To You Who Are Struggling with an Eating Disorder or Disordered Eating on:
I see you and I understand what you are going through. The tenseness that creeps up as people discuss “The Fast.” I can empathize if the urges are getting stronger as the day approaches.
As someone who has recovered from my own eating disorder, I urge you not to fast -- even if those around you are.
I am not telling you this because the Torah clearly indicates that those who are ill are not supposed to fast; that is only the tip of the iceberg.
I am telling you this because you deserve recovery.
Recovery is possible for you, but fasting is likely to take you further away from it. Instead, it is likely to awaken your eating disorder and make it stronger. In my experience, you will not feel the pain of fasting dissipate at sundown with the relief of eating a bagel.
On Yom Kippur, many people wish one another "a safe and easy fast." For those of us with eating disorders, it will be neither safe nor easy -- it will be dangerous and detrimental. Instead of allowing us to focus on the meaning of the holiday, fasting can feel like total numbness to those of us with histories of disordered eating.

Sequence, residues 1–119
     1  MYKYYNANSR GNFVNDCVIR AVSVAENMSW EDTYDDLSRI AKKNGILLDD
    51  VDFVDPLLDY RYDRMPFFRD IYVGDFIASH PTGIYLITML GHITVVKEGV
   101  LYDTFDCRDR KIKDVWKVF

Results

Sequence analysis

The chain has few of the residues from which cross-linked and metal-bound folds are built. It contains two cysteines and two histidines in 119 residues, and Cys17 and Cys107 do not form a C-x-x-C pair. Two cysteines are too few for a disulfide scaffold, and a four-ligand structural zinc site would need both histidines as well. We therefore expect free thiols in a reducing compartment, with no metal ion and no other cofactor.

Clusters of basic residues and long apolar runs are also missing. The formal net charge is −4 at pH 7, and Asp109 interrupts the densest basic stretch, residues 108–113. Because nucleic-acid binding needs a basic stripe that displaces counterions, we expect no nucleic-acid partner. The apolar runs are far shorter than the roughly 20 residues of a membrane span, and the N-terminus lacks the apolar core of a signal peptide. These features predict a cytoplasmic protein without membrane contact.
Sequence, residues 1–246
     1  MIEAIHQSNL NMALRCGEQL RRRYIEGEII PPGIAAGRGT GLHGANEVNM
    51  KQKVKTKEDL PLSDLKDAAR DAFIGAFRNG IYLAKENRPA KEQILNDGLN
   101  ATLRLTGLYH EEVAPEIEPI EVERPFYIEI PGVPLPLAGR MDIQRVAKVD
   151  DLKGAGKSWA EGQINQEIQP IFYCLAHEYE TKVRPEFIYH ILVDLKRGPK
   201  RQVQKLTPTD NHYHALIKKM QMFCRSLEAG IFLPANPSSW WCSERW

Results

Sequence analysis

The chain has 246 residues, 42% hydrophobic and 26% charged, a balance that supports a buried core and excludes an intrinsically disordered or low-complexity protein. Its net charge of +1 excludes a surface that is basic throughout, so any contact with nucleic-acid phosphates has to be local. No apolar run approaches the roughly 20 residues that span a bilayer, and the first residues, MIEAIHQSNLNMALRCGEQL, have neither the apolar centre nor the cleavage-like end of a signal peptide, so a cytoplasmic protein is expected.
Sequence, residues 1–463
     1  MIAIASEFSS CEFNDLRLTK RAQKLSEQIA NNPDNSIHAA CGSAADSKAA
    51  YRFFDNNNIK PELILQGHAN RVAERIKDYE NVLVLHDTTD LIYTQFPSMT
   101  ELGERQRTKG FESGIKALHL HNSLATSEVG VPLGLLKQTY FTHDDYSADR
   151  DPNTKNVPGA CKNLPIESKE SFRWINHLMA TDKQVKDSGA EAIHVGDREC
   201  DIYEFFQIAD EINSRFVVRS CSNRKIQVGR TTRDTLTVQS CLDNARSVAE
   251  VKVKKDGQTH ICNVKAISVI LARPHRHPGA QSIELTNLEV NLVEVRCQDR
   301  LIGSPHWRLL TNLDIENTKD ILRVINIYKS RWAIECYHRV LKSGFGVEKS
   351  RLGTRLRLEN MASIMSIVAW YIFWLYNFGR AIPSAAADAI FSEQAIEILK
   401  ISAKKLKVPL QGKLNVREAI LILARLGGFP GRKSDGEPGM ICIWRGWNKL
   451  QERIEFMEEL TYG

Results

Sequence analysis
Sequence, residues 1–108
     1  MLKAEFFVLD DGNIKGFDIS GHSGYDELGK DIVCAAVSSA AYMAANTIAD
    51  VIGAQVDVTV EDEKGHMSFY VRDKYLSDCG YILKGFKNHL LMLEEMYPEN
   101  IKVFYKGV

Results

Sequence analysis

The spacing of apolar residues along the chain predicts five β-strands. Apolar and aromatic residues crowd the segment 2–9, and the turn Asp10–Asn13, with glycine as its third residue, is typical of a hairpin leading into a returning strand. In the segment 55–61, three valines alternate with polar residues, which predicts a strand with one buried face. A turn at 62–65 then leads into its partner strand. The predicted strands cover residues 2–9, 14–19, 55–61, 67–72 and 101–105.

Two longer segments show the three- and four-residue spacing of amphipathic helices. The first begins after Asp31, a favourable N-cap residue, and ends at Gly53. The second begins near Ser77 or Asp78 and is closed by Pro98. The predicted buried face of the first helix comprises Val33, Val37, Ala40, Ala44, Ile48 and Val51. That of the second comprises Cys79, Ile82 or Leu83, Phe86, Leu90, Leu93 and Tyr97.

Yom Kippur is about not. I promise that not fasting takes more strength than sustaining an eating disorder., apologizing for the ways you hurt others. Through recovery, I discovered that the best apology is recovering. One of the best ways to show t'shuvah is to challenge your eating disorder by not fasting. It means choosing the harder option: adequately nourishing your body, even when others around you are
Remember that recovery is a form of t'shuvah; you are not just returning to your authentic self, but to a recreated self. You have turned the page and can be present. You deserve peace for yourself in 5784 and beyond.
Someone Who is Not Fasting, Even Though She is Recovered from Her Eating Disorder, Because She is Honoring the Best Interests of Her Body and Soul